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Full Version: Saga of Cuckoo (part 2): Wall Around A Star
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"Wall Around A Star" is the second of two books. Together the two books are called the "Cuckoo Saga," written by Frederik Pohl and Jack Williamson.

Book one: Farthest Star (1975 - Ballantine Books)
Book Two: Wall Around A Star (1983 - Ballantine Books)

I did not enjoy this book as much as I did the first one in the set, but “Wall Around A Star” was interesting enough to keep me turning pages to see what happens next. Judging by writing styles, I believe that the first book, “Farthest Star,” was written by Jack Williamson and the second book was written by Frederik Pohl. I generally enjoy stories by Jack Williamson more than I do Frederik Pohl stories. Do not get me wrong though, I do like Pohl’s work too, it is just that reading Pohl does not generally give me the same king of warm fuzzy feelings that I get from reading Jack Williamson stories.

“Wall Around A Star” takes place about 15 years (I do not remember precisely – I finished reading this book a couple weeks ago) after the events that take place in the first book. This book introduces a new main character, Jen Babylon, which works well with the perspective and style changes of a different author. Ben Pertin was the main character in “Farthest Star.” In “Wall Around A Star,” the main character is Jen Babylon, and he is a more likable fellow than Ben Pertin, especially in this second book. Ben was on a downward spiral in the last book. In this book, 15 or so years later, Ben’s character has slipped even further into a depressing state.

Dr. Jen Babylon is a professor of linguistics, with multiple PhDs, who gets three mysterious calls, two urgently requesting his help at Cuckoo, and one warning him to stay away, or else. Even more mysterious is that one of those calls for help was from Ben Purtin, an old friend who had died in a diving accident years before. Against his better judgment, Jen Babylon is talked into sending a copy of himself to Cuckoo, via faster than light tachyon transmission, to help with their urgent linguistic needs.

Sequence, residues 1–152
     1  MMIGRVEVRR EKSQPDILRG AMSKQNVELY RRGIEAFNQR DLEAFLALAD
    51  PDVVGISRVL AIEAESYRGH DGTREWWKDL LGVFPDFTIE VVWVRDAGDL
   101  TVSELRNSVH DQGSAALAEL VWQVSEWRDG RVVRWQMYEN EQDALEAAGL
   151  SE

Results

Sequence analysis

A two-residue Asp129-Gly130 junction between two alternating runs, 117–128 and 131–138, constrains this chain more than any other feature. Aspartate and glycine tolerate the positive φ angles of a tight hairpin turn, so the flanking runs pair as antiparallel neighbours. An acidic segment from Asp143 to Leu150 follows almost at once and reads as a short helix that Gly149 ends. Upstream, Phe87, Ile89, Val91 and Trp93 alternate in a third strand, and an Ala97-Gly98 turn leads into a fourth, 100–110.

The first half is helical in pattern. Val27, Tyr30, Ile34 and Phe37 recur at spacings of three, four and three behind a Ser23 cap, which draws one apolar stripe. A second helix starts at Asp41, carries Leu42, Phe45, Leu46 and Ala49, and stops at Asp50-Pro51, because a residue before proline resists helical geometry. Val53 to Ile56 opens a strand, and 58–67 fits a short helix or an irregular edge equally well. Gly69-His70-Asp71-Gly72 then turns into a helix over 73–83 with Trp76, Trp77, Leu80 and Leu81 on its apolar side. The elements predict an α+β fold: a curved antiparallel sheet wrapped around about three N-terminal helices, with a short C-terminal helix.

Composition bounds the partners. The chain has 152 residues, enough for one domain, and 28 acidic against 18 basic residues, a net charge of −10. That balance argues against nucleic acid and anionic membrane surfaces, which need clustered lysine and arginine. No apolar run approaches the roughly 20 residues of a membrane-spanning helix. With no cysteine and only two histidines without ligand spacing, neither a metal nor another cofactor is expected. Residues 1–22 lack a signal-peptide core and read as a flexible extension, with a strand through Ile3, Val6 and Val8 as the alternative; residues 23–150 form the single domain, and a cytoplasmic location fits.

Sending a copy of oneself via tachyon transmission is easy. It only takes a few moments of your time. After the transmission, you go back to your normal life as if nothing happened. However, if you are the copy that was transmitted, it is a one way trip that changes your life forever. This is what the copy of Jen Babylon finds out when he discovers that he is the one that was transmitted to Cuckoo Station. Cuckoo Station is in orbit around a vast object in space, which is about the size of an entire solar system. Despite Cuckoo’s vast volume, its total mass is less than that of air. Even so, the object that is Cuckoo has a solid surface, a breathable atmosphere, and very light, by earthly standards, gravity at its surface. Up in orbit though, at Cuckoo Station, the just arrived copy of Dr. Jen Babylon suddenly finds himself in a weightless environment.

The rest of the adventure is about learning how to translate the native language of Cuckoo into something they can understand, dealing with escalating conflicts between various races that inhabit Cuckoo Station and that inhabit Cuckoo itself, and finding out just what the massive object, that has come to be called Cuckoo, is.

Personally, I figured out what Cuckoo was before the end of the last book, but that is because I have a few decades of sci-fi under my belt. Wink